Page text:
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Stress and Addiction

by Olivia Pennelle ❘  

The Dual Problem of Stress and Addiction

You don’t have to have a genetic predisposition to suffer with substance use disorder. More and more, we are seeing scientific studies that show stress can alter the brain, making it susceptible to addiction. Yet, we live in a society with ever increasing stressors—like work, family, and money. Perhaps this is why leading substance abuse experts suggest dealing with the root of those stressors as a strategy to deal with the ever increasing numbers of people suffering with addiction and stress.

A short while ago, I read an article written by psychiatrist Richard Friedman—What Cookies and Meth Have in Common. While his piece focused on the similarities in drug and food addiction, he explained that humans have created the perfect environment for addiction due to the impossible amounts of stress that we face every day.

Fieldman explained that we all have triggers that lead us to either drink, drug, or eat addictively—they provide a level of solace. Despite a body of scientific evidence that now connects stress to addiction, Friedman highlighted that there remains a disparity between how we view and accept comfort eating, but some still see drug addiction as a moral failing or a poor choice. He suggests that they are both addiction.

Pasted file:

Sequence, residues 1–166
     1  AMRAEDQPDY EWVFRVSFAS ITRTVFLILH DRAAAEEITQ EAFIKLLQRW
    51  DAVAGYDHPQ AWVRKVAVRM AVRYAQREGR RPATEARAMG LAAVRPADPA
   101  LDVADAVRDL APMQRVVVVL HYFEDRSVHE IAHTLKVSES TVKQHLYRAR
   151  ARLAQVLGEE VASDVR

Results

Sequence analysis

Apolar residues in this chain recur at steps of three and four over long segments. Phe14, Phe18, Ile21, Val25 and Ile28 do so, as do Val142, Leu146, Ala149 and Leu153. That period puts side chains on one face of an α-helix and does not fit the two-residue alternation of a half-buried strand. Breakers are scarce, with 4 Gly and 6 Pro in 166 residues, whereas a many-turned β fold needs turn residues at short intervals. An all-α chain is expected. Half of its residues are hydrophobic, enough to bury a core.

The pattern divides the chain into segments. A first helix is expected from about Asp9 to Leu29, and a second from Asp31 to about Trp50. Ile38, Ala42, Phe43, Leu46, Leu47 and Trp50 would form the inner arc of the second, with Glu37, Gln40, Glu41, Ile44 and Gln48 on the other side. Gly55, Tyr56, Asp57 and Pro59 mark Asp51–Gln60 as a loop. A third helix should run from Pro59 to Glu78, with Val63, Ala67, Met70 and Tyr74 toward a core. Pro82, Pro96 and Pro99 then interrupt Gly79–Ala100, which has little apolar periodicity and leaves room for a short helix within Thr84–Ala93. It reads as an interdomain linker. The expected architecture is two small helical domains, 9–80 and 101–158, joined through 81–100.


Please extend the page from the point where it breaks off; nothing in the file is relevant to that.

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I believe that for me, it was a combination of mental illness and inability to cope with stressors that led to substance use disorder. The substances provided escape and they medicated by mental illness.

Science now tells us that drugs, alcohol, and certain foods have the same effect of stimulating the brain’s reward center through the release of dopamine—a chemical responsible for making us feel good. The brain remembers that reward and seeks it out again by repeating the behavior.